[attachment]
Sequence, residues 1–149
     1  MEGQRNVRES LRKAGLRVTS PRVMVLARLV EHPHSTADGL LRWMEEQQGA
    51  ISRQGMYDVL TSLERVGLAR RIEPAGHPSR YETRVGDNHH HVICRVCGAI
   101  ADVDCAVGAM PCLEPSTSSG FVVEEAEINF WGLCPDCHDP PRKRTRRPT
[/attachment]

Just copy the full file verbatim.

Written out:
Sequence, residues 1–149
     1  MEGQRNVRES LRKAGLRVTS PRVMVLARLV EHPHSTADGL LRWMEEQQGA
    51  ISRQGMYDVL TSLERVGLAR RIEPAGHPSR YETRVGDNHH HVICRVCGAI
   101  ADVDCAVGAM PCLEPSTSSG FVVEEAEINF WGLCPDCHDP PRKRTRRPT